Sun, 17 December 2006
In our previous discussion regarding gaming we learned about Massively Multiplayer Online Role Playing Games or MMORPGs. Among the most popular was World of Warcraft. This week we consider The Webware Wars. Among the factors that have led to the proliferation of webware are: increased adoption of high-speed internet, greater bandwidth, cheap storage and a new dynamic and interactive web architecture enable by a collection of technologies referred to as Web 2.0 and AJAX. Everybody's getting into the act, including big players like Microsoft and Google, and little fish like Zoho and Thinkfree.
Mike, let's start out with what we have been using the longest - What are some of the New Features in Google Docs and Spreadsheets?
As with any Google product, new features are quietly added with little notice or fanfare. Since we last talked about Google docs and Spreadsheets (GDS), there have been a number of additions and improvements - mostly on the spreadsheets side of the house. The first addition is actually within Gmail - Google's popular web-based email. In the past, when a Gmail user received an email attachment (either word or excel) the only option was to open the attachment as an an html document-viewing only, or download and open the attachment. Now when a users receives an excel document, the have the option of opening that spreadsheet directly in GDS - presumably, a similar functionality will eventually be available for word documents.
Can you describe GoogleLookup?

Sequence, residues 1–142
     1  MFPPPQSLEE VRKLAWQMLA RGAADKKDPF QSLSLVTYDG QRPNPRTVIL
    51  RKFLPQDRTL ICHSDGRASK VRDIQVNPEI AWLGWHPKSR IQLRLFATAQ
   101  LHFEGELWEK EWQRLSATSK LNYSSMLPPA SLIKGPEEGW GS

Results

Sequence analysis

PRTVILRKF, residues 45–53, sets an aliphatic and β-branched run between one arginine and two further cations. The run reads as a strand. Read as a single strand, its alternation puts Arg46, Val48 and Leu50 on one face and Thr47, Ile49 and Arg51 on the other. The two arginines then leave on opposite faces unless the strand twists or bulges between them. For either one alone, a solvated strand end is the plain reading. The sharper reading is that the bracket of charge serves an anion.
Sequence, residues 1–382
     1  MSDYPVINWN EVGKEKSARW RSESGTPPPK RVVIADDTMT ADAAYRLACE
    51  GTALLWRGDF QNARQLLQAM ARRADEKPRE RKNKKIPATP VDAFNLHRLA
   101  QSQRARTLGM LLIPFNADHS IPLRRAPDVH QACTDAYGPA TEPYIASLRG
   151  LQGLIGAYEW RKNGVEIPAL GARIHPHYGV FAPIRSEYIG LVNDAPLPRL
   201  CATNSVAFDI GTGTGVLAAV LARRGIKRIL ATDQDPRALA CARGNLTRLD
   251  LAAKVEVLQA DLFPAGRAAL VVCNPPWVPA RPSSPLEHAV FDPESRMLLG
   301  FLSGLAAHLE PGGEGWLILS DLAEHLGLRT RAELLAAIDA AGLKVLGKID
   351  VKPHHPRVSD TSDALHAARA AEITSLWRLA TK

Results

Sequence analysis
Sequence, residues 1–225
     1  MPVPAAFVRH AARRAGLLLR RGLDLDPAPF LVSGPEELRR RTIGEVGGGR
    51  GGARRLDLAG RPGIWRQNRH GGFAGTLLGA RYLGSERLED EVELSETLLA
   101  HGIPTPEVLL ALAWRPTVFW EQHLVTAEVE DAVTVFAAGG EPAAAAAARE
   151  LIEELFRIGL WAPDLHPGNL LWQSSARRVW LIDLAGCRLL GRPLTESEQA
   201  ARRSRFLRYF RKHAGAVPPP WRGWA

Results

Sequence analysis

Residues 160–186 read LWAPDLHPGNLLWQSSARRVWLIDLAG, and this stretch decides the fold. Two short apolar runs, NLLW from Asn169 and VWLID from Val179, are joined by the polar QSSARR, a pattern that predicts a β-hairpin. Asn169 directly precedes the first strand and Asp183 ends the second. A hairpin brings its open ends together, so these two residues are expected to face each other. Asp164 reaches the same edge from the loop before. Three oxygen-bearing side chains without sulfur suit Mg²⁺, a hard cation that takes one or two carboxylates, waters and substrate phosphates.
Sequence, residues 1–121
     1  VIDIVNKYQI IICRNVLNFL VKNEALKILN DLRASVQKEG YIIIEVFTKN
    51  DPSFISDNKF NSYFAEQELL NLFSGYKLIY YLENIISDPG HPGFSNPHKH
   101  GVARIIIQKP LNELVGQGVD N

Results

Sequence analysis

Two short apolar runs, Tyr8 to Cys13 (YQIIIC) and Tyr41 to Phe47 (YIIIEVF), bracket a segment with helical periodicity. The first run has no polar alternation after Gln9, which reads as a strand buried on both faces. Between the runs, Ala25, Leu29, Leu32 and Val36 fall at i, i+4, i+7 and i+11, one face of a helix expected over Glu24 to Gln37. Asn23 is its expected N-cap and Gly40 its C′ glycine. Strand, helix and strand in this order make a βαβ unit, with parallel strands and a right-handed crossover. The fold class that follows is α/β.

This a new feature in the spreadsheets portion of the GDS that takes advantage of the online nature of GDS. In fact, it's a formula in the spreadsheet that attempts to answer a question by using information from the web. The syntax is fairly straightforward:
Some examples include:
What are some of the entity types you can look up?
Here are some of the types of entities you can access using GoogleLookup, and a few popular attribute names (some entities won't have all these attributes, and some will have more, so experiment):
While GoogleLookup provides access to a wide variety of data, another new feature, GoogleFinance provides just financial data pulled from Google Finance. Using a similar syntax, you can look up the price of Google stock [=GoogleFinance("GOOG")] or the 52-week high of Apple [=GoogleFinance("AAPL", "HIGH52")]. And since this type of data changes fairly frequently, they are updated in your spreadsheet automatically.
How has Publishing Improved?
Google has also improved web-based publishing of spreadsheets. You can publish your entire spreadsheet (or just one sheet of it) so that other people can view it as HTML, or PDF - without having to sign in to a Google Account. The HTML even updates is the original spreadsheet changes.
Last week in Houston you demo'ed something called Thinkfree - can you tell us about that?
A new addition to the webware wars is Thinkfree and their online office suite. Like GDS, Thinkfree provides online access to Word and Excel documents - what differentiates it is the addition of powerpoint and the ability to create charts in calc - their version of Excel. Thinkfree provides 1 Gig of space for their Thinkfree Write, Calc and Show suite. The collaboration and revisioning features are very similar to GDS. I would rate the interface a little cleaner and more user-friendly - Thinkfree refers to your online documents as your webtop, as opposed to your desktop. Like GDS, the architecture is AJAX-based, but Thinkfree uses JAVA as well. Another interesting feature that the Thinkfree suite provides is a doc exchange - an online repository that users can publish their documents to and share with one another - in fact this feature allows for a variety of creative commons licensing options. Another neat option is the Bulletin Board - sort of a guest book, where you can view all of your published and blogged files, collaborate with other Thinkfree users and get feedback from people all over the world.